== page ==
The Champions League features the very best club soccer teams in the world. The Premier League generally doesn’t: Saturday’s Champions League final, an all-Madrid affair between Real and Atlético, will be the fourth straight without a premiership team. The Champions League pits the best clubs in Europe against each other, including the four best Premier League teams, whose performance shows that their league is struggling to keep up with the best of Spain, Germany and Italy. Yet the Premier League remains the most popular attraction for U.S.-based fans looking for news and scores at ESPN’s soccer website — and its traffic dwarfs that of the U.S.’s own professional men’s soccer league.
Manchester United drew 12 percent of all U.S. visits to ESPN FC’s club and player pages during the 12 months through May 15, according to page-view data provided by Timothy Bayus, a senior analyst in ESPN’s research and analytics department.1 That wasn’t a particularly good 12 months for United: a fifth-place finish, failing to qualify for next season’s Champions League, exiting this season’s Champions League in the group stage. (United did win this year’s FA Cup, scant consolation.) Yet it led all clubs in traffic and drew more than four times as much as all the Major League Soccer clubs combined:
Even these metrics overstate MLS’s popularity among U.S. soccer fans, because they don’t account for U.S. page views of ESPN sites in Spanish, including Deportes. MLS gets an even lower share of those page views, which are dominated by Mexico’s Liga MX and Spain’s La Liga. Account for those, and Barcelona and Real Madrid would move closer to Liverpool, Chelsea and Arsenal in popularity but would still lag behind Manchester United. Those six clubs account for 49 percent of all U.S. traffic to ESPN’s English-language sites for clubs and players around the world. (Atlético Madrid remains far behind, getting about as much total traffic as MLS leader Los Angeles Galaxy.)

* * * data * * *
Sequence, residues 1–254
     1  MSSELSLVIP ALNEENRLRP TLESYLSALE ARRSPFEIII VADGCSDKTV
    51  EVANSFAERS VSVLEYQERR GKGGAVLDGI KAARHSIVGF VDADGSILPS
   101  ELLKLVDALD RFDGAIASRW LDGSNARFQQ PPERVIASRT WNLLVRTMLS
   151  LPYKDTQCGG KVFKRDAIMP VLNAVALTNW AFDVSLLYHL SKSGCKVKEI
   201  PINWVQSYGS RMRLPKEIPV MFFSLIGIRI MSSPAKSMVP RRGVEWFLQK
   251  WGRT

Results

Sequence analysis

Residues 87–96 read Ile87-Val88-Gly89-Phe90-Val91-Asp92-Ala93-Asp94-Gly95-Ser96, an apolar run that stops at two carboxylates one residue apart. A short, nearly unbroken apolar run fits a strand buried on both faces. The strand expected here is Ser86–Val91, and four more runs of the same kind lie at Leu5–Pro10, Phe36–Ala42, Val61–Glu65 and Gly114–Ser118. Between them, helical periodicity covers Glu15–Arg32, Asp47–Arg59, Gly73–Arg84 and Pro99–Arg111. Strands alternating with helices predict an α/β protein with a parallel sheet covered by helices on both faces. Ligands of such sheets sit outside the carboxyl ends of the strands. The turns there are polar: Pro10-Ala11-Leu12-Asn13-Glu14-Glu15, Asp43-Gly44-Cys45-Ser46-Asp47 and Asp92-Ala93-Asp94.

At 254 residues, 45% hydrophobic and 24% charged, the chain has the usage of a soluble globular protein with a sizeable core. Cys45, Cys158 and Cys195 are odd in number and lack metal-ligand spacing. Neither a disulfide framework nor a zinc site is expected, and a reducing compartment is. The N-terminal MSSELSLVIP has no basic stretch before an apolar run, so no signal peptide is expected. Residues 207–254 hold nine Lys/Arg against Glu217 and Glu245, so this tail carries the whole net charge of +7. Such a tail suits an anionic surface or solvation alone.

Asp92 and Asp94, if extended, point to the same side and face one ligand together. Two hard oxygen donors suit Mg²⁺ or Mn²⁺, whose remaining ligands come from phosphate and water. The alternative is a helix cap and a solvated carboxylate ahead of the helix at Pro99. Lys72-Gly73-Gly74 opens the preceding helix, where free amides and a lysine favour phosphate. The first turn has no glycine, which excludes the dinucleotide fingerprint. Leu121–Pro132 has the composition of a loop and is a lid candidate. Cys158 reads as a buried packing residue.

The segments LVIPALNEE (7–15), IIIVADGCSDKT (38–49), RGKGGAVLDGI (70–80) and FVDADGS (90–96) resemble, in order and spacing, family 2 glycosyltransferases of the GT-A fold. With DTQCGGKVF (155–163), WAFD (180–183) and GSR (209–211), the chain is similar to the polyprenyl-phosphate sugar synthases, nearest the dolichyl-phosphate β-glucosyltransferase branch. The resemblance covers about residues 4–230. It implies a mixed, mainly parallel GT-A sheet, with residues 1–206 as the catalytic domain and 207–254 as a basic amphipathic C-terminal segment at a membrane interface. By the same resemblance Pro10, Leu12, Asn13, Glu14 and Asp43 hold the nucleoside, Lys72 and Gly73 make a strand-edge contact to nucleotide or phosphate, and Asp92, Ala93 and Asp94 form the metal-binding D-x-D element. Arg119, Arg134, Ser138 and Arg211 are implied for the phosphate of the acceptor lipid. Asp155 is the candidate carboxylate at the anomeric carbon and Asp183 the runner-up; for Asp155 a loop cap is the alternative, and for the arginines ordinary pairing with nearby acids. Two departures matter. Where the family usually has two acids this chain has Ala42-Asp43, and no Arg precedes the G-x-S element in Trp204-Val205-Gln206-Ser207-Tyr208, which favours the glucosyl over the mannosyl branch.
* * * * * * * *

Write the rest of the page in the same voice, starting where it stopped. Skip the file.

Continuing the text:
Leicester City finished with less than one-fifth of Manchester United’s traffic but gained during its stunning run to the Premier League title:
Counting all visits to English-language article and game pages, the Premier League is on top, with about three times the traffic as the Champions League. Then again, the Premier League had more than twice as many weeks and three times as many games on its calendar as the Champions League,2 and some Champions League games featured Premier League teams, so per game the two leagues are about even.
The international soccer activity includes the Women’s World Cup last summer. Although the U.S. women’s national team didn’t get many views of its club page, ranking behind MLS’s New York City FC and just ahead of Chile’s men, it drew lots of views to its game pages during its run to victory. The women’s wins in the final and semifinal drew more traffic than any other soccer matches, and four of the top five were U.S. World Cup matches. The match that clinched the Premier League for Leicester topped all other club matches, including any from the Champions League.